0, you don't know the fun on grand-!
pa's farm! i
For grandpa says. "Let em, it ain't
no harm.
An' Cousin Bob leads us, an'
"Here goes!"
An' mama she only just
' Such clothes!"
We've a Crusoe Island, an' Robber's
j Cave.
An' Tower of London, an'- don't i
you know. j
' When one of us lets on he wants to I
0. vou don't know half the fun
out there!
j For grandpa he never tells us.'Take
An' Cousin Bob laughs, an' says to
An' mama, you know, is off in the
We fish in the brooks, an' play in
the sands,
An' try to catch tadpoles out of the
We hide in the bushes like Injun
An fight with the hornets an get
their stings.
0. there's plenty of fun on grand
pa's place,
For grandpa, he says, "Now scoot
on a race!"
An Cousin Bob grins, an' says,
"There she blows!"
An' mama - she only just says,
"Such clothes!"
F. H. Sweet.
American Field Fence
at A.
Jaeger, Jr.'s Hardware.
A certain preacher in Mexico
was called one day last week to
conduct the funeral of a twelve-year-old
child which had died. He
went to the home and waited for
the neighbors and guests to gather,
but they did not gather, only three
adult persons coming in. Finally
the preacher stepped into the room
where the dead lay and there at the
head of the coffin sat the bereaved
mother and near her sat six chil
dren of the home The minister
went through with the service as
best he could. As he finished and
stepped outside the door one of the
neighbors followed him and said:
"I suppose you do not understand
matters here. The husband of this
bereaved mother, and father of these
much-to-be-pitied little ones is now
in the back yard drunk." Now what
do you think of that? Should the
churches have deserted that fami
ly? This is called a Christian com
munity, but it does appear that
many of us are not working at it
very hard. Mexico Message.
Hoosier and McSherry Grain drills
at A. Jaeger, Jr.'s Hardware,
Estel Jackson and wife, of La
Grange spent part of the week with
his father, John Jackson.
Gave An Important Order.
A rural postmaster tells this
story of one of the patrons of his
office, a boy of thrifty, not to say
penurious stock. When the lad
comes into the postoffice he will
thrust his wizened face up close to
the window and, in his slow, Yan
kee drawl, inquire most earnestly:
"Hev ye got any postal cards?"
"Yes," the postmaster replies.
Don't you wish you had a photo
graph of your great, great grand
father? Of course you cant have
because there wasn't any photog
raphy in those days. But your
great, great grandchildren can
have photographs of you. And
you owe something to posterity.
Miss Belle Johnson.
"Haow much be they t'day? "
"A cent a apiece."
Then the boy, screwing up his
eyes in the intensity of his thought
over the question he has to decide
always stops for a while to weigh
the consequences. Finally, he will
reply solemnly:
"Wal. I ll take one "Youth's
Eastman Kodak and Supplies at
A. Jaeger. Jr.'s Hardware
Raising a Chicken.
All things considered, from begin
ning to ending.
Hatching and catching, and feeding
and tending,
Chasing and killing, and scalding,
and picking,
There's a great deal of work about
raising a chicken.
Watching the hen, while she's doing
the hatching.
Watching her. too, while she's eat
ing and scratching.
Guarding 'gainst hawks and pole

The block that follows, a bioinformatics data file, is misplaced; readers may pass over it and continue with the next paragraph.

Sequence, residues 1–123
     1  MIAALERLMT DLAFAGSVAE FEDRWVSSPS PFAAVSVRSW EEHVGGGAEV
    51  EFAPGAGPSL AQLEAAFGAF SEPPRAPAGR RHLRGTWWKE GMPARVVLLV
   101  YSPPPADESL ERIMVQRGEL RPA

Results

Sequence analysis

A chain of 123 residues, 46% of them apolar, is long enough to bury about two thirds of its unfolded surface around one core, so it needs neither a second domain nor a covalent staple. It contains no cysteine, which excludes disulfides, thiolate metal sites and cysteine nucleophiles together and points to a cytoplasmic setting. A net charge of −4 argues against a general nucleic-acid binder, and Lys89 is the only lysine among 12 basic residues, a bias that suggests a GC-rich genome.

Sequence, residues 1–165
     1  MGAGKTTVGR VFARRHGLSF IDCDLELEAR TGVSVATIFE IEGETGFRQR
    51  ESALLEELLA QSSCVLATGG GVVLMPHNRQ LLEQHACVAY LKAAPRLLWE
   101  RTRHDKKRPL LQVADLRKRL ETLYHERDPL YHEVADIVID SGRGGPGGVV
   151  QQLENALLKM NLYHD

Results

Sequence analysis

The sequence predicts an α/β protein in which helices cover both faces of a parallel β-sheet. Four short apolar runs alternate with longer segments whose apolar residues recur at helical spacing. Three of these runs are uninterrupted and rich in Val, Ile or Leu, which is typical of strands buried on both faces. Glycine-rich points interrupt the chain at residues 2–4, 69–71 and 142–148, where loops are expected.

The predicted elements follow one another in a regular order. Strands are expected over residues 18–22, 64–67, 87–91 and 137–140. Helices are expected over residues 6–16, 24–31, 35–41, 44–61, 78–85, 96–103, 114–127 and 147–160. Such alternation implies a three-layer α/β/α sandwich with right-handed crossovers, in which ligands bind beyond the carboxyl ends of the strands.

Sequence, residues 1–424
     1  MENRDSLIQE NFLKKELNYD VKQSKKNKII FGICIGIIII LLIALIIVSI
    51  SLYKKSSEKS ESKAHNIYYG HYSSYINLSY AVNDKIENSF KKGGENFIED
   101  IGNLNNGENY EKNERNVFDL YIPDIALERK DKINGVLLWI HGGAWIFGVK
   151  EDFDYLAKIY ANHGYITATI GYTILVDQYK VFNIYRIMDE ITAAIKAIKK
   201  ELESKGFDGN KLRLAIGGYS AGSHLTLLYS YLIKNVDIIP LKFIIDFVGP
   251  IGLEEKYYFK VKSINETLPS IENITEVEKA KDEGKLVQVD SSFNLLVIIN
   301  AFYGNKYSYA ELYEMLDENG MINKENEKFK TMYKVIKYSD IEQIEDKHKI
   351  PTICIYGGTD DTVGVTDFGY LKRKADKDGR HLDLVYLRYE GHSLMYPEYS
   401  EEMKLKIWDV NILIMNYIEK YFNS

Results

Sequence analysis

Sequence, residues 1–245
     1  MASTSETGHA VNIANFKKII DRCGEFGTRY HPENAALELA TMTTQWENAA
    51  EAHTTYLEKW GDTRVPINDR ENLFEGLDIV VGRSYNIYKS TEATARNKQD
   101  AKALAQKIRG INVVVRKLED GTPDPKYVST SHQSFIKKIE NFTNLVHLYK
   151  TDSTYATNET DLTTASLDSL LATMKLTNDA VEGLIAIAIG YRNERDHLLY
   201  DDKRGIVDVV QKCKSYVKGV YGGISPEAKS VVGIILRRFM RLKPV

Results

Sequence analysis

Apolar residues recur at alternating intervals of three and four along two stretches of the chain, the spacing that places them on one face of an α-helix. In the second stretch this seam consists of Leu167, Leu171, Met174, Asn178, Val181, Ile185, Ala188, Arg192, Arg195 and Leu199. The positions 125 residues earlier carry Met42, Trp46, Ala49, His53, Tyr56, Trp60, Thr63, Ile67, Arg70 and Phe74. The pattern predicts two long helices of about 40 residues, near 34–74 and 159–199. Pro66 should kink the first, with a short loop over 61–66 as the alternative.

cats and rats.
Driving off crows and strange dogs
and cats,
Always ready to give something a
There's a great deal of care about
raising a chicken. Ex.
John Deere and Sattley Gang
Plows at A. Jaeger. Jr.'s Hardware.
A writer in the Youth's Compan
ion tells of an Ohio man's practical
use of an abandoned farm. This
man owns a 60-acre tract on which
he no longer lives, and has planted
the entire tract with trees. First he
set out 35,000 Norway spruces, over
an area of 11 acres. From that
part of the farm he expects to
reap a profitable crop of trees for
holiday selling. In the place of the
spruces, when removed, he expects
to plant chestnut seedlings. By the
time all the spruces are gone, the
chestnut will come into bearing. Id
other parts of the tract he has
planted catalpa, black locust, box
elder and sycamore. Within five
years the whole 60-acres will be in
forest. Thousands of farmers in
this country could profit by this
sort of planting. On many farms
there are rocky uplands that would
bear valuable forests. Farmers who
wish to take advantage of the high
price of lumber, cannot do better
than to plant in the unused parts of
their farms such timber as is best
adapted to them. - Coleman's Rural
Blue Bell Cream Separators at A.
Jaeger, Jr.'s Hardware.
Good Things to Know.
When frying meats, fish, eta. and
the stove becomes greasy sprinkle
salt on the spots as soon as the fry
ing is done and rub. The stove
will be clean from grease.
When sweeping matting, to avoid
tearing the fabric slip a covering of
flannel over the broom. The flan
nel will take up the dust easily and
will save the matting much wear.
Here is a way to paid the iron
ing board. First tack an old soft
blanket about the board. Next put
a layer of cotton batting and over
this sew tightly unbleached muslin.
Lastly put on the cover and the
work is done.
The water in which onions have
been boiled is excellent for cleaning
gilt pictures frames. It not only
removes specks and dirt, but bright
ens up the frames in a wonderful
way. But it should not be used
until quite cold. Ex.
Henry Knapheide Farm wagons
at A. Jaeger, Jr.'s Hardware.
The report that I am only in the
ice business wnile my present sup
ply lasts is not correct I am in
the business as long as the season
lasts. Do not be afraid to give me
your orders. F. & M. phone 144.
Bell phone 12a 11 R MUDD.